FDLR a ‘weakened militia’
Musanze–Internal divisions within the top command of Forces Democratiques de Liberation du Rwanda (FDLR) have left the rebel group in disarray forcing hundreds of fighters to lay down weapons, former rebels who defected recently said.
Speaking during a discharge ceremony at Mutobo Demobilisation Centre in Musanze District, the former rebels said that top FDLR commanders have fallen out, while junior soldiers no longer trust the top command.
It’s a question of time, a very short time, and they will all surrender except those held back by the guilt of the (1994) Genocide
“There is no more recruitment because everybody is trying to find a way of surviving, every commander has a different view of the cause of war,” said Lt. Col Idrisa Bizimana, a former battalion commander in FDLR.
“It’s a question of time, a very short time, and they will all surrender except those held back by the guilt of the (1994) Genocide.”
During the ceremony, 417 ex-combatants among them 18 officers, a one lieutenant colonel, four majors, nine captains, and 13 lieutenants, who had completed a three month rehabilitation and reintegration training programme, were discharged and given certificates.
Maj. Ildephonse Nkizinkiko, a former reserve force commander in Sud Kivu Province of the Democratic Republic of Congo, said that FDLR had lost ground because of lack of vision, and lies by top commanders over the objectives of their war.
“FDLR is now engaged in internal fighting. It is fighting with the local population on one hand, and fighting with Mayi Mayi (another rebel outfit in DRC) on the other. We can’t continue to live in darkness. All people have realised there is peace in Rwanda,” Nkizinkiko pointed out.
FDLR, which mainly operates in eastern DRC, is composed of elements responsible for the 1994 Genocide against the Tutsi.
Its weakening has been attributed to a direct result of concerted regional efforts to end the rebel menance.
In 2009, there were Joint Military Operations conducted by Congolese soldiers (FARDC) and Rwanda defence Forces (RDF) which dealt a severe blow to the terrorist organisation. Later many top rebel officers kept defecting and returned to Rwanda while others died. For instance, the FDLR Chief of Staff, Gen. Leodomir Mugaragu, was killed along with over 20 of his commanders.
In September 2011, the FDLR was estimated to be 2,500 by MONUSCO, (UN Mission in DRC), down from 6,500 in 2008.
At the Disarmament, Demobilisation, Repatriation, Reintegration and Resettlement (DDRRR) camp in the eastern city of Goma, Mathew Brubacher, political affairs officer and a former investigator for the International Criminal Court, last year, told IRIN they were in contact with many of the officers in the field by cell or satellite phone.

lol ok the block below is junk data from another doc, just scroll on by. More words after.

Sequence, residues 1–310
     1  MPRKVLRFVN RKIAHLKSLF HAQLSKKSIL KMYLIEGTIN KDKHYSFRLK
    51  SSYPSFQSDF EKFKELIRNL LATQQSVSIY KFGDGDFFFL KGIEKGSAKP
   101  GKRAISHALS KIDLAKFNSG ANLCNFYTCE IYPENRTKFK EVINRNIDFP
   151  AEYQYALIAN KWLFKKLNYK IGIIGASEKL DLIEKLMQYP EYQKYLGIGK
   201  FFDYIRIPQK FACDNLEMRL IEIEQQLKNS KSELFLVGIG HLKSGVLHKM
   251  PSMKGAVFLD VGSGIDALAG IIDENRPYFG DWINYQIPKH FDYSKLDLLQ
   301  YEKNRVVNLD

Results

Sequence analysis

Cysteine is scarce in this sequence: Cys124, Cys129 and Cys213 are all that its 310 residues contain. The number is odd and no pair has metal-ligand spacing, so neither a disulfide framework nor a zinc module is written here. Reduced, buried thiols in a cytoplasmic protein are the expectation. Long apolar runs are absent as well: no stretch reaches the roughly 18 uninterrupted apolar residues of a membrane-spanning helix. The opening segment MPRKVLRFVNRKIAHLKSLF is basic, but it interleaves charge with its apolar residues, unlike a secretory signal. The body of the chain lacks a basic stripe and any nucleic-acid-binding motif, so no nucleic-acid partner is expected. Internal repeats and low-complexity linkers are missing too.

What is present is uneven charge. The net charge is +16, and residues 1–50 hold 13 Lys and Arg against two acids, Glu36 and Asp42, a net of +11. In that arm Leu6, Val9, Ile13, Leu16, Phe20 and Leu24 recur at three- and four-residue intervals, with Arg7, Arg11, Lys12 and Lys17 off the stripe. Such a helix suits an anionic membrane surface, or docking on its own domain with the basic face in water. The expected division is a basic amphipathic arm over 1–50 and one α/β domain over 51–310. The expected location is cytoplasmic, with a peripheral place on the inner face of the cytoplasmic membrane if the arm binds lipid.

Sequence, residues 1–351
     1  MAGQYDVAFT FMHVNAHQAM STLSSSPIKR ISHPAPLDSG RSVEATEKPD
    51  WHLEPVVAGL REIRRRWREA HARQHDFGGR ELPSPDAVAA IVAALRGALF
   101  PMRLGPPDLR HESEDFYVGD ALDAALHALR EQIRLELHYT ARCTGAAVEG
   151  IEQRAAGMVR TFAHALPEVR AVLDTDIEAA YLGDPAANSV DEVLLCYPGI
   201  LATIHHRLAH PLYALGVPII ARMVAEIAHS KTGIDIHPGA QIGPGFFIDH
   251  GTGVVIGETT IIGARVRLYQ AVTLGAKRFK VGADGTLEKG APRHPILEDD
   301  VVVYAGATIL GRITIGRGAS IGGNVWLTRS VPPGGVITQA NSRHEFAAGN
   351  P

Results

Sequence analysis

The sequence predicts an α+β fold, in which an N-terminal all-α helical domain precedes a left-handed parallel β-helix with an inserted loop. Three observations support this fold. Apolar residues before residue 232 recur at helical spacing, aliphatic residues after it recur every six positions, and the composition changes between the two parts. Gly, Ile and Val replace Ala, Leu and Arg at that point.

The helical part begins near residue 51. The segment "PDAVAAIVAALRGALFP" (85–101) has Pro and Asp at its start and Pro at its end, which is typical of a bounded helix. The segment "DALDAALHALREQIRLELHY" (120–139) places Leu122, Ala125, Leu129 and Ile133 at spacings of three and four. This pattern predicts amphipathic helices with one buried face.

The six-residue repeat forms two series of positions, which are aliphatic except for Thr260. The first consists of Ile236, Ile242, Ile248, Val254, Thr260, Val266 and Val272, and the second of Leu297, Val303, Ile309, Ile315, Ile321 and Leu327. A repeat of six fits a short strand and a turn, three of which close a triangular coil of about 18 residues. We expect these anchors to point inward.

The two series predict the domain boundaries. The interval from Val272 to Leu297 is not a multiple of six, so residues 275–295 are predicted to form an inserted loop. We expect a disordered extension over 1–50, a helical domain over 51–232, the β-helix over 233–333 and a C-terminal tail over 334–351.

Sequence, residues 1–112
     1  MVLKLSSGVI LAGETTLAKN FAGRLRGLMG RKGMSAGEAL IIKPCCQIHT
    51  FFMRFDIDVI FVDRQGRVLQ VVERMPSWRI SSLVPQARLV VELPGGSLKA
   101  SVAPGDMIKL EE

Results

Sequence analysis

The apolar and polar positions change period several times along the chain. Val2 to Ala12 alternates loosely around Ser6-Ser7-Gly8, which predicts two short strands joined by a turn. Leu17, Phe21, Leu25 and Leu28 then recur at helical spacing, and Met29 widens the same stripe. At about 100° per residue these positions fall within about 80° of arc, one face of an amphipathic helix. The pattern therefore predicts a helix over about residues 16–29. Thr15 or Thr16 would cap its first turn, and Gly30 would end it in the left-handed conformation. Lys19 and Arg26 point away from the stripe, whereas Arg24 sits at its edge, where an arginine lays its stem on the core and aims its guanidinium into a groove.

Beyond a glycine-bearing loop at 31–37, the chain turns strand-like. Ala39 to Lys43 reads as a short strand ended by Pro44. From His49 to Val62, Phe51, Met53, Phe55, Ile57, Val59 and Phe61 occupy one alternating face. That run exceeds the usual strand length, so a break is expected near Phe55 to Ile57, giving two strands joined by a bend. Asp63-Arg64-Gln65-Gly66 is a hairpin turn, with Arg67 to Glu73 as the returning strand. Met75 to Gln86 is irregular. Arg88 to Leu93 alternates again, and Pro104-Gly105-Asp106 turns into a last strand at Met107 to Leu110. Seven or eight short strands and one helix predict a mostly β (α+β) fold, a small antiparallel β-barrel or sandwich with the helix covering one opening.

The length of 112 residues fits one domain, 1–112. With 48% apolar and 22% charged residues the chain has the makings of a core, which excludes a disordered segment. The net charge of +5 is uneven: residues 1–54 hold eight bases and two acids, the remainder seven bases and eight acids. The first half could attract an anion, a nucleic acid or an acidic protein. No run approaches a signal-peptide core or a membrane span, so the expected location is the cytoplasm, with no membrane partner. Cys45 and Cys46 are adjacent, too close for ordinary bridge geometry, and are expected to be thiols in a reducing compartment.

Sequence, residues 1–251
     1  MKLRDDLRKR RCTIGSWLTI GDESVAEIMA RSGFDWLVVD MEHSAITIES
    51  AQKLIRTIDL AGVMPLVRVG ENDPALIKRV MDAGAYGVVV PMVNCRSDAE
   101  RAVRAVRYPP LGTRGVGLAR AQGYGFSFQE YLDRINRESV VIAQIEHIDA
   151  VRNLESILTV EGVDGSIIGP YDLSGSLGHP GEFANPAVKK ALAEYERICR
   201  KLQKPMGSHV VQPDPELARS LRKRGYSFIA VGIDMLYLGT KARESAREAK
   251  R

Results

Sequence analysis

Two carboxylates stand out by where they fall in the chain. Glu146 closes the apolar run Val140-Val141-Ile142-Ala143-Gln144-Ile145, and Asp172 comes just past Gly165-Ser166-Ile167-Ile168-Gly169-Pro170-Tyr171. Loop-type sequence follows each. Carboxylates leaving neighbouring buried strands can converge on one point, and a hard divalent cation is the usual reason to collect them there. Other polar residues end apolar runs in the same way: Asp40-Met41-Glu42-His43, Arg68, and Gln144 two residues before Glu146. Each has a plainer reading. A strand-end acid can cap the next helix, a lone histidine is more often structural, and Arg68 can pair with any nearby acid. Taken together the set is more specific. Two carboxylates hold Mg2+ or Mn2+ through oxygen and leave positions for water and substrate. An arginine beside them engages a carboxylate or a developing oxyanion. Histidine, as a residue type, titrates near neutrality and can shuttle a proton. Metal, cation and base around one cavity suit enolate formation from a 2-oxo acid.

“… You have to really understand the group in order to exploit its weaknesses,” he said.
In 2008, DDRRR processed an average of 50 FDLR combatants a month but “things really kicked off after the launch of joint operations [of Rwandan forces with the DRC army, FARDC] in 2009”, resulting in a nearly three-fold increase in defections, he said.
“Now we are extracting nearly 150 FDLR combatants a month, plus a lot more officers,” Brubacher said in September.
The joint operations against traditional strongholds of the FDLR forced them out of their “comfort zones,” putting the armed group on the move and making an already hard life in the bush harder.
Many defected rebels have reported morale had slumped, following the joint operations.
The arrest in Germany of the FDLR president, Ignace Murwanashyaka, on November17, 2009 on charges of war crimes and crimes against humanity further undermined the organisation’s fighting spirit.
Between 2002 and July 2011, nearly 15,000 foreign ex-combatants, in Congo, including hundreds of child soldiers, were repatriated to Burundi, Rwanda and Uganda, as well as more than 10,000 dependants of former combatants, according to DDRRR records.
At the Tuesday ceremony, the State Minister in charge of social affairs, Dr Alvera Mukabaramba, urged the ex-combatants to join other Rwandans in the task of nation building.
“You’re joining yet another battle of fighting poverty. The past is the past. Rwanda has changed over the last 18 years. We are, however, ready to support and give you orientation to develop (yourselves),”’ Dr Mukabaramba noted.
The chairman of the Rwanda Demobilisation and Reintegration Commission, Jean Sayinzoga, said that the agency would help the ex-rebels to trace their families still holed up in DRC.
Present at the discharge ceremony were diplomats from the UK, the US, Belgium, the Netherlands, France, and MUNUSCO.
Contact email: bonny.mukombozi[at]newtimes.co.rw